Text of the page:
Amazon Prime Air has gotten a lot of attention, but it may not be the business to watch in the drone market. Image source: Amazon

Drones have made a surprisingly swift entrance into everyday life in the U.S., with the FAA recently allowing drones to fly under rules usually reserved for model aircraft and a fairly broad number of commercial applications. With companies like Amazon (AMZN -0.68%) wanting to make a push toward delivering packages using drones, there's a lot of media hype around the little flying machines.  

But most drones flying today aren't delivering packages: They're hobbyist drones you can buy almost anywhere. In a short time, that might change, but Amazon won't be the company to watch when it does. 

AeroVironment is talking about commercial drones, but its biggest business is still drones for the military. Image source: AeroVironment.

Drones are coming
We've known for years that drones were going to be popular. What was and is less known is how or when they would be allowed to fill the skies. The FAA is in charge of creating regulations for drones and has been pretty aggressive in building such a framework. There are rules for hobbyists -- for example, they must fly under 400 feet, within line of sight, and not near airports -- and commercial rules are coming out as well.

Companies like AeroVironment (AVAV 1.95%) and Boeing's (BA -1.91%) Insitu division are leading the way in the commercial drone market, having received licenses from the FAA to fly missions already. Some of these drones are being put to work exploring oil fields or monitoring crops.

However, that's just scratching the surface of drones' potential. What they need to gain wider adoption is a business model that makes their usage safe, reliable, and profitable.

But maybe not with packages to your door
The Amazon drone-delivery business model gets a lot of talk, but it's still a long way from being something we'll see on a large scale. An Amazon distribution center would have to be within 10 to 20 miles of your home, and for now, drones demand about a 20-foot-by-20-foot landing area, excluding millions of Americans from drone delivery right off the bat.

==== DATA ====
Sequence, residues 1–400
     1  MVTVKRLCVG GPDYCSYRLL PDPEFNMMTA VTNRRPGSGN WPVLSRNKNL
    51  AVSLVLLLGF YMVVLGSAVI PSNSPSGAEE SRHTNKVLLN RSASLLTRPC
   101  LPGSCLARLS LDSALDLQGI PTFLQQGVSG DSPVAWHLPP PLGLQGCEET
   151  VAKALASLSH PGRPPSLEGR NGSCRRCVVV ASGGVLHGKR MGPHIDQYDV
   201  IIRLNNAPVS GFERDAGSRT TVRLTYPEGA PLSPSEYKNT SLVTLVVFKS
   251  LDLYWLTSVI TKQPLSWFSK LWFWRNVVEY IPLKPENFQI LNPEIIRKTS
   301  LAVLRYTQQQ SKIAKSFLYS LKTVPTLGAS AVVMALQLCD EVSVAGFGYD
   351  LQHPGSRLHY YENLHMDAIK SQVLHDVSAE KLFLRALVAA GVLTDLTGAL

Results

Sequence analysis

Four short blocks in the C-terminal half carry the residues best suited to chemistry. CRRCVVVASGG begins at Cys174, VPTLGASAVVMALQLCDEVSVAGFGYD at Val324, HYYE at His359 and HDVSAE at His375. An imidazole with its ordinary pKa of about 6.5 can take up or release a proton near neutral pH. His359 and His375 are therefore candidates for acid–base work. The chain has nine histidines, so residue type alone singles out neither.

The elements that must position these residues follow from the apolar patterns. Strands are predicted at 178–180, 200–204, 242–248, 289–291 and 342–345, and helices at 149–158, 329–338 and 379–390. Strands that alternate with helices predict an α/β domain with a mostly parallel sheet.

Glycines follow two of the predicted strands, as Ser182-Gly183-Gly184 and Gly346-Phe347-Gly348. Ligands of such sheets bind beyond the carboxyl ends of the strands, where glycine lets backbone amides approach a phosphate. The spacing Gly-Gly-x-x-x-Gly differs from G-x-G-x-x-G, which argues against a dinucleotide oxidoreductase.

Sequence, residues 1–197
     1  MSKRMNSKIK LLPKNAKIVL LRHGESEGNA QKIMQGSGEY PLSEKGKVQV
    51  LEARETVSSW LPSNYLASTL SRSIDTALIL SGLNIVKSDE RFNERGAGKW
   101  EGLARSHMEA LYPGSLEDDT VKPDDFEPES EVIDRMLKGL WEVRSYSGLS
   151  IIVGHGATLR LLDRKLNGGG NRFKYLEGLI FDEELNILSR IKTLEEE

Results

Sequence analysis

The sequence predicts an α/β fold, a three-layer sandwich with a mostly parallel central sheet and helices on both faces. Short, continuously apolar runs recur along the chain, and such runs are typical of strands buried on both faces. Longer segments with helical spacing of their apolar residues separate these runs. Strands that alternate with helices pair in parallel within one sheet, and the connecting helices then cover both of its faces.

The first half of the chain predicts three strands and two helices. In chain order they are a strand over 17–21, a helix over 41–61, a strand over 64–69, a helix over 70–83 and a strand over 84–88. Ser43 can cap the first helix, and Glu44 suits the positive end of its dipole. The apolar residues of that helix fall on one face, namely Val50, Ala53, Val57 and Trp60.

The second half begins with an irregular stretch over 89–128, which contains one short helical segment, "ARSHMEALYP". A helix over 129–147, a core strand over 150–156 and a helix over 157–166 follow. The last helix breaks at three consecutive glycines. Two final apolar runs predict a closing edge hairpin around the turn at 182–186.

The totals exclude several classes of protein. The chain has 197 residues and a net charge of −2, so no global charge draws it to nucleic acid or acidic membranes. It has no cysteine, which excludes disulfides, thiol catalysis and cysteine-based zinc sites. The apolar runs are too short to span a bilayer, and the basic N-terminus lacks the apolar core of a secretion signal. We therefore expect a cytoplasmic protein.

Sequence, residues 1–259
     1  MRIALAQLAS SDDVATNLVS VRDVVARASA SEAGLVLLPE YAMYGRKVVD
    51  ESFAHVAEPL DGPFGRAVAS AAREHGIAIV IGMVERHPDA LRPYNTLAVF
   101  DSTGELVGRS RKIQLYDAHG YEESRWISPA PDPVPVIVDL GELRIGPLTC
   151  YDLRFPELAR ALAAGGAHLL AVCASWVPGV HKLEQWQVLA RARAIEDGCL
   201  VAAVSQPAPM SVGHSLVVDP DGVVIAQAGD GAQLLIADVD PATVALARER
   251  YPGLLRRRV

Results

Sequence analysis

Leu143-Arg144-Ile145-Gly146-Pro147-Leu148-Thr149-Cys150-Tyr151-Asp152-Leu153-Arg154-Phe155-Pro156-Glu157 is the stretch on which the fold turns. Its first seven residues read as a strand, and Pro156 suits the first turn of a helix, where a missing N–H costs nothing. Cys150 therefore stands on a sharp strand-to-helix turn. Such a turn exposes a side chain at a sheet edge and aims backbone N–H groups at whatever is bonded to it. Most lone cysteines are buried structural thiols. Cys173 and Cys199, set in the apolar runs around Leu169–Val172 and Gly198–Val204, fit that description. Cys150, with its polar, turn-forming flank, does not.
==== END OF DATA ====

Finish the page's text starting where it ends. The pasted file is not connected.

But that doesn't mean drones won't find a place in another type of delivery space in the near future. A company called Matternet is already using drones to send medical samples from the location where they're taken to an off-site laboratory. The company isn't operating in the U.S. yet, but has been operating internationally since 2011.  

The idea is simple enough. A clinic or hospital may not have the right laboratory equipment, so a drone could get results from a central lab more quickly, and for less overall cost, than either driving the samples to the lab or installing more lab equipment in more locations.

A model for the future
This could pave the way for a business model that uses drones to invest in capital more efficiently and to reduce wasted time and expense in moving high-value goods. A company could build expensive capital equipment or inventory in one central location and have drones fly goods to satellite locations to serve their needs.

Maybe this concept could be used in the 3D printing industry, making it possible for product designers to design and test parts and get them made from a specialized 3D printing company. This would save on the capital cost of owning a 3D printer and on the time spent picking up parts printed by a contractor. Or auto repair shops could order parts from a centralized warehouse and get them as jobs come in rather than holding inventory or sending someone to a parts store multiple times a day. And maybe drones make sense in the food services industry, where transporting fruits, vegetables, and fish is time-sensitive.

As with high-value medical tests, these businesses could benefit from having a central location for equipment or inventory that could be tapped into in a matter of minutes. 

Getting on board with drones
With the FAA already outlining hobbyist drone rules and allowing some commercial flights, it's setting the stage for full commercial drone regulations in mid-2016, when the drone boom could begin in earnest. But investors should keep in mind that these aren't toys, and companies will have to have a viable business model to justify deployment. Right now, delivering things like high-value medical samples to a network of clinics with established landing and take-off zones makes a lot more logistical sense than quick delivery of a Kindle from Amazon to your backyard (if you have one).

The challenge for investors is that there are precious few ways to invest in drones today. Boeing's drone business is still primarily focused on military applications, and commercial drones are just a fraction of the company. AeroVironment is the company I've bet on in this space, but it's still developing a commercial strategy to compete with innovative start-ups.

It's easy to see that drones could be commonplace across the country in a matter of years if FAA rules are favorable and drone technology continues to improve. What's unclear is how investors can capitalize on that trend. Maybe we should be looking more at business-model innovation rather than who makes the coolest drones. That may be where the real value is created long-term.